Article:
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    Lowering The Cost of Prescription Drug Prices Is A Racial Justice Issue

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    Some Democratic members of Congress are trying to hold up historic economic investments pledged by the Biden Administration, including a provision that could lower the cost of prescription drugs. By obstructing efforts to lower prescription drug prices, these legislators are standing in the way of racial equity. 

    In a December 2020 article, the Board of Directors from the Patients for Affordable Drugs Now called out the ways high drug prices perpetuate systemic racism 

    “The barriers to and rationing of treatment resulting from high prescription drug prices are an integral part of how systemic racism plays out in health care,” read the article. “By consistently putting profit maximization ahead of public health, drug companies inflict the greatest pain on those who are most vulnerable — Black Americans and other people of color.”

    According to the group, patient assistance programs are not a silver bullet as many exclude people without insurance. Noting that Black Americans are nearly twice as likely to be uninsured, the group says such programs are rarely helpful. 

    A similar report from the Center for American Progress further documented how the combination of the racial wealth gap and drug costs exacerbates health outcomes for Black and Latino people. 

    “Inequitable access and prohibitive costs have significant clinical implications, as Black and Hispanic Americans use fewer prescription drugs and face more severe chronic illnesses than white Americans,” read the report. “For example, Black Americans are more likely to die from high blood pressure, diabetes, HIV, and COVID-19 than white Americans. Moreover, they are disproportionately likely to have sickle cell disease, which can cost more than $3,000 per month to treat; notably, 80 percent of sickle cell patients do not receive adequate care and treatment.” 

    Read the entire Center for American Progress report here.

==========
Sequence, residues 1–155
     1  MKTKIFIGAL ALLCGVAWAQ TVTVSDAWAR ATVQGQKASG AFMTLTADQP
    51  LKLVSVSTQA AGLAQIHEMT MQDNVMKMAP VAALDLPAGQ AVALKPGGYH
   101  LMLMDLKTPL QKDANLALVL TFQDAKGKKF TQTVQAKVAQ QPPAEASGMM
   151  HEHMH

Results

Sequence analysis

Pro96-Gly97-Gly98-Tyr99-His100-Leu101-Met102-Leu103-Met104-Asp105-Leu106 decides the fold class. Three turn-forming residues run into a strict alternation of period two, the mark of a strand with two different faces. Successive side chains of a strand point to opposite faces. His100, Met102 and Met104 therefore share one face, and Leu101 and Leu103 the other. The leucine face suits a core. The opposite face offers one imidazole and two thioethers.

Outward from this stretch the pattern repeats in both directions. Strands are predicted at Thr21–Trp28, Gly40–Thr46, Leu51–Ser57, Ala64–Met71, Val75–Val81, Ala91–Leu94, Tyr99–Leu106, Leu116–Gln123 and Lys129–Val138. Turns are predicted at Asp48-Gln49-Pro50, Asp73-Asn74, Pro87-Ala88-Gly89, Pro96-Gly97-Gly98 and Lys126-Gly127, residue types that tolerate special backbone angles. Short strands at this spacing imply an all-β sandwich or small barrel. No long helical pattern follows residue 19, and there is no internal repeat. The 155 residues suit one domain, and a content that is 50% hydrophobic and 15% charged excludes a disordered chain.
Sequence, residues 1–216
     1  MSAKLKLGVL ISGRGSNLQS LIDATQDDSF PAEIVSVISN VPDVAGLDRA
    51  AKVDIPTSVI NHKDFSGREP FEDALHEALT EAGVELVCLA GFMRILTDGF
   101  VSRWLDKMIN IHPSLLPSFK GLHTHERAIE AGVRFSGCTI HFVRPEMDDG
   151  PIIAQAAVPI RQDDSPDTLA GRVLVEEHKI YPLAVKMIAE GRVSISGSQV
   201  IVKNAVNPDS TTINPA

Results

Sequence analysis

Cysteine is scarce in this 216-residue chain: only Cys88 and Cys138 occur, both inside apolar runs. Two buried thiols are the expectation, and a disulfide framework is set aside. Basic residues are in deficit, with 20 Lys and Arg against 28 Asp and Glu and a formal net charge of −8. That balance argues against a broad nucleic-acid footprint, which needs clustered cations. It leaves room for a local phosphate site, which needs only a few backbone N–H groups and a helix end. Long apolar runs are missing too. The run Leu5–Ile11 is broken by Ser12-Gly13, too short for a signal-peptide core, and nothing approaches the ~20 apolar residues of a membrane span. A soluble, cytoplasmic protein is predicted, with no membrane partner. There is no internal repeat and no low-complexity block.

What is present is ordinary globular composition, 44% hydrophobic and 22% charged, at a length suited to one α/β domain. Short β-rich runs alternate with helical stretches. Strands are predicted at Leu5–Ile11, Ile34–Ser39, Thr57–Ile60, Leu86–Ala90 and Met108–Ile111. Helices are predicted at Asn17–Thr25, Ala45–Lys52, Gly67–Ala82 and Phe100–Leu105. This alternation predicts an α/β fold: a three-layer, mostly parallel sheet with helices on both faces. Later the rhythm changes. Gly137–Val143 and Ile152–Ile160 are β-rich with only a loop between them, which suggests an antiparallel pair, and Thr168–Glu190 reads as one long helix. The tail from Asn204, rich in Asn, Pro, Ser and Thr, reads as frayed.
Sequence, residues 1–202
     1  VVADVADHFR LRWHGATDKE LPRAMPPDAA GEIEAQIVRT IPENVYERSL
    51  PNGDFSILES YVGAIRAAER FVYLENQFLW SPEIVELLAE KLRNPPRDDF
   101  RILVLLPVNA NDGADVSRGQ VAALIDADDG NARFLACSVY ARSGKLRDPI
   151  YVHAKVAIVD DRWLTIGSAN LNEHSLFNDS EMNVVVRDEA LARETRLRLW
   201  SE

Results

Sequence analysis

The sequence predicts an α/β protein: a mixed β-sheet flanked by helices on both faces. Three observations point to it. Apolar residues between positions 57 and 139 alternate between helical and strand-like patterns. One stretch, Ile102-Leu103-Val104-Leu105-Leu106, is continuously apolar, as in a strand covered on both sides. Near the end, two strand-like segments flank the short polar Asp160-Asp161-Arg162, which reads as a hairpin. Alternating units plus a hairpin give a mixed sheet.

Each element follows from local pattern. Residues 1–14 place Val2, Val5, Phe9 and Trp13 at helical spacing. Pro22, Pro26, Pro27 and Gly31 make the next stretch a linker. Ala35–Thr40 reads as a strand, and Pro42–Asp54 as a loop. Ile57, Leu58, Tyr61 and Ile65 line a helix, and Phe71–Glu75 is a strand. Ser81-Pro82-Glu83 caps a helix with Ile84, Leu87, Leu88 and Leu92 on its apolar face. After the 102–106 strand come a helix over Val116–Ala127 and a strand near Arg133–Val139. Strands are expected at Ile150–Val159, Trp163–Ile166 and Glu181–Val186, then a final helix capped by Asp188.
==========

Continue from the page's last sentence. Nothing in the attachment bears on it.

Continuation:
A diverse group of legislators penned an op-ed for the Washington Post highlighting the importance of lowering drug costs. “We represent a geographically diverse share of the American people — but in each of our districts, we hear a collective concern,” opened the op-ed. “The high cost of prescription drugs is hurting families — and it is long past time to bring those prices down.”

    Polls in recent months have shown Americans, including those identifying as Republicans, support allowing the federal government to negotiate lower drug prices.  

    Speaking with MSNBC host Joy Reid, Rep. Mondaire Jones called out his conservative Democratic colleagues holding up progress with alleged objections to lowering prescription drug costs. Jones questioned who his colleagues were looking out for by opposing the federal government’s ability to negotiate prescription drugs. 

    “When you see people opposing simply the ability of Medicare, the federal government to negotiate down the price of prescription drugs, something that is supported, overwhelmingly by both Democrats and Republicans, it’s clear then that people aren’t playing district politics,” Jones explained. “They’re not looking out for the folks in their district.”

    “Let’s be clear.” Jones began. “The vast majority, nearly all of House Democrats are in support of this President’s broadly supported economic agenda. It is an agenda for the people.”

    See Also:

    Biden Administration Prioritizing Black Outreach In Push for Build Back Better Agenda

    Black Americans Are Disproportionately Impacted By High Prescription Drugs Costs. Congressional Action Is A Matter Of Racial Equity 
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